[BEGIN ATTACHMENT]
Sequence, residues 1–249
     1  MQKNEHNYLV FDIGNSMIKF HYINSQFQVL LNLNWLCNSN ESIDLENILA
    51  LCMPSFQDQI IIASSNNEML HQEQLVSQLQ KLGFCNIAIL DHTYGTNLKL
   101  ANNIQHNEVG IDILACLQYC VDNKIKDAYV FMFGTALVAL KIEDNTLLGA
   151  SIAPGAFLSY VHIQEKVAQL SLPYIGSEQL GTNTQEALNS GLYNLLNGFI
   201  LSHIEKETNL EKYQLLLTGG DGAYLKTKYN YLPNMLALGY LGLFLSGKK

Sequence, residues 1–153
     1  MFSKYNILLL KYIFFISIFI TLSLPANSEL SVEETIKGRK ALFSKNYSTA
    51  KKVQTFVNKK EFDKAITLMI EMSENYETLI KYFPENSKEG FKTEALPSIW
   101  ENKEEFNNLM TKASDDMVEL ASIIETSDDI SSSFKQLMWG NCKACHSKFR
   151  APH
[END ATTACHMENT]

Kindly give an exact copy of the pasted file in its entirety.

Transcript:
Sequence, residues 1–249
     1  MQKNEHNYLV FDIGNSMIKF HYINSQFQVL LNLNWLCNSN ESIDLENILA
    51  LCMPSFQDQI IIASSNNEML HQEQLVSQLQ KLGFCNIAIL DHTYGTNLKL
   101  ANNIQHNEVG IDILACLQYC VDNKIKDAYV FMFGTALVAL KIEDNTLLGA
   151  SIAPGAFLSY VHIQEKVAQL SLPYIGSEQL GTNTQEALNS GLYNLLNGFI
   201  LSHIEKETNL EKYQLLLTGG DGAYLKTKYN YLPNMLALGY LGLFLSGKK

Sequence, residues 1–153
     1  MFSKYNILLL KYIFFISIFI TLSLPANSEL SVEETIKGRK ALFSKNYSTA
    51  KKVQTFVNKK EFDKAITLMI EMSENYETLI KYFPENSKEG FKTEALPSIW
   101  ENKEEFNNLM TKASDDMVEL ASIIETSDDI SSSFKQLMWG NCKACHSKFR
   151  APH